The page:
"Memorial Day is not just a three day weekend. It's about paying tribute to all our fallen soldiers each year in May."

Ms. Erikka, the cartoon teacher in the video below, teaches us some really interesting facts about memorial day! This video was created from children but even adults can surely learn something new from it too! 

As we take an extra day off this weekend, let's remember to pray for the families of those people who have lost their loved ones on the line & let's remember to give thanks for the many opportunities we have in North America. 

Also, if you would like some ideas on what to do this memorial day, click on the box below for some ideas from our Special Day Calendar! 

Me, a Missionary?

Can anyone tell me what is a missionary?” Mrs. Thompson asked her Sabbath School class.

“It is someone who goes to another country and tells people about Jesus,” Kayla said.

“It is a person like my Aunt Pat. She is a nurse, and she goes where people are really poor and helps them,” Jeff said.

“I think a missionary is someone who teaches the Bible to people in faraway places,” Abby said.

“You are all right! Missionaries do all those things,” Mrs. Thompson said. “But couldn’t we be missionaries right here at home?”

“How?” Jeff asked.

“Well, it is a missionary’s job to tell people about Jesus. Can’t we find people in our own town who need to know about Jesus? Perhaps we could invite them to church.” She paused a moment. “Let’s see if each one of you can bring someone new to church, for our special program next week.”

When Kayla and Abby met at school on Monday, they talked about whom they might invite and how to do it.

“I’m going to ask the two kids next door,” Abby said.

Jeff caught up with them in the hall and asked, “What if you ask people and they say no?” 

“Make it fun. I will tell them we are having a special program and will have cookies afterward,” Abby said.

“That might work,” Jeff said. “But I think I will invite Bill from my math class to go on the campout our boys’ group is planning. He will see how much fun we have, and when I ask him to come to church, he will already know some of the boys. It won’t be in time for our special program, but I will still invite him to church.”

Kayla was silent. She had thought about who she could invite over the weekend. She wanted to find somebody to invite to church, but she couldn’t think of anyone. Her neighbors on both sides already attended church. The only one left was Mrs. Case, who lived across the street. Mrs. Case never waved or spoke to Kayla except to yell when Kayla’s cat ran into her yard. “Get your cat out of my flower beds!” she would say while shooing Kayla’s cat with her broom.

Kayla took her seat in class and got out her books.

“Have you decided who you will invite to church?” Abby asked.

“No, not yet,” Kayla said.

“How about the new girl, Mindy?”

Kayla heaved a sigh of relief. “Thank you, Abby. I forgot about Mindy.” Now she would not have to speak to Mrs. Case. She had hated the idea of going over there because Mrs. Case didn’t seem any friendlier to people than to cats.

When Kayla asked Mindy at lunchtime, Mindy said, “Thanks for inviting me, Kayla. But someone else asked me this morning. I’m glad I will see you there, though.”

Kayla was right back to where she started. The problem was she was shy. She wasn’t good at talking to people she didn’t know. But she had to ask somebody. She approached a girl in a lower grade and introduced herself and asked her. The girl was friendly but said she had been invited by someone else too.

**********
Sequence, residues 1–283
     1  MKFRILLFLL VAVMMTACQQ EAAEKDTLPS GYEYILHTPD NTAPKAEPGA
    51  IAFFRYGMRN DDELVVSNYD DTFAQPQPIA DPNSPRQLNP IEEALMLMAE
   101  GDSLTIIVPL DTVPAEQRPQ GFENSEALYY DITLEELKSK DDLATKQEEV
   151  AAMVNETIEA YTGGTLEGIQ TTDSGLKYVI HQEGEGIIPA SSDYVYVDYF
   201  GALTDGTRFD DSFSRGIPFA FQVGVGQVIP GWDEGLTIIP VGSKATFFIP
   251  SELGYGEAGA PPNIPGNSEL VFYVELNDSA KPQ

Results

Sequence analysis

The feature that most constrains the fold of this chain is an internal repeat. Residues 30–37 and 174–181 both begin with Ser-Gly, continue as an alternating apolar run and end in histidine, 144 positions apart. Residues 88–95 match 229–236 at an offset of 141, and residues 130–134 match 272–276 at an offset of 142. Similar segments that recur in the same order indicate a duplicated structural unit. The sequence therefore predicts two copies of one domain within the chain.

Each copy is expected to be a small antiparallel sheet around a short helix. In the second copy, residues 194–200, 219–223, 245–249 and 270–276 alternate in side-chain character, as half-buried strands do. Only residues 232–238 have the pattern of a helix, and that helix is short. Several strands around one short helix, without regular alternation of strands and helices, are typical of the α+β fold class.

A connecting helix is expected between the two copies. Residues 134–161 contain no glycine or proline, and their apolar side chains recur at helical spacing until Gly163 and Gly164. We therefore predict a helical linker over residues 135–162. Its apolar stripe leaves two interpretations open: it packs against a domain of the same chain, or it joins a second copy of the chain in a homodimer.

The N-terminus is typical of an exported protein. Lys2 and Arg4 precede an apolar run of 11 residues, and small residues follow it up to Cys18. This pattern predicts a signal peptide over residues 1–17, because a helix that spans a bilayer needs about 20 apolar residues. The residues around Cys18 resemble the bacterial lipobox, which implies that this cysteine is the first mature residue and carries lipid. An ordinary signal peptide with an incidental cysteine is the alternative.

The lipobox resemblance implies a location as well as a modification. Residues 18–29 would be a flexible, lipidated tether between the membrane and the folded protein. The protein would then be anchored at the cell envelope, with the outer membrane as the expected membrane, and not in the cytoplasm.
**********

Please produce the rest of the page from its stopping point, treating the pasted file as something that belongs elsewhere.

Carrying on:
“Looks like you are being guided to Mrs. Case,” Mom said when Kayla told her about her problem after school.

“What do you mean, ‘guided’?” Kayla asked.

“Well, sometimes when I put off doing something and it keeps popping up, I think that maybe Jesus is telling me He really wants me to do the thing I keep putting off. Or sometimes I feel like Jesus is trying to stop me from doing something because He has something else in mind for me. That is how I married Dad, remember?”

Kayla smiled. She loved hearing the story of how her parents met. Mom had been engaged to another man, but the wedding was put off when he lost his job. Then it was put off again when Mom broke her ankle. Then one night when she was on her way to meet the man she was engaged to for dinner, she got a flat tire on the freeway. A nice young man had stopped and changed her tire. That young man was Kayla’s dad. “You know that I believe Jesus guided me to your dad.” Mom smiled.

“Then you think I should invite Mrs. Case to church?” Kayla asked.

“I admit she doesn’t seem very friendly,” Mom replied, “but maybe Jesus is asking you to invite her. At worst, she will just say no.” 

Kayla sighed. She put down the book she had been reading, breathed a silent prayer, and headed across the street. Mrs. Case was out in her yard, planting flowers. “Hello, Mrs. Case,” Kayla said, trying hard to smile her best smile.

Mrs. Case looked up. “Hello.”

“My Sabbath School class is having a special program next week,” Kayla explained. “I would like to have you come as my guest.”

Mrs. Case paused. “I will have to think about that.” She dug a hole with her trowel. “My husband and I used to go to church, but after he died and I moved here, I haven’t gone at all.” She put a plant in the flower bed and patted it firmly in place. “I hate going to new places where I don’t know anyone.”

Kayla blinked. Mrs. Case was shy too! “You will know my mom and dad,” she said. “And the people at our church are nice. Won’t you try it just one time?”

Mrs. Case put some plants in a small clay pot. “Thanks for asking me. Let me think it over. I will call you tomorrow.”

Kayla smiled. “I really hope you will come.” She started back toward her house.

“Wait,” Mrs. Case said. “I have so many of these petunia plants. Would you like to take some home to your mother?”

“Thank you,” Kayla said, taking the plants Mrs. Case held out. “Mom loves flowers.”

She hummed a tune as she walked back across the street. Maybe Mrs. Case wasn’t so bad after all. Maybe she was just lonely—and shy. Kayla knew how that felt.

She skipped a few steps. It felt good to be a missionary, even in your own neighborhood. 

-Marie Latta

For this story and more... subscribe to Primary Treasure by going to primarytreasure.com.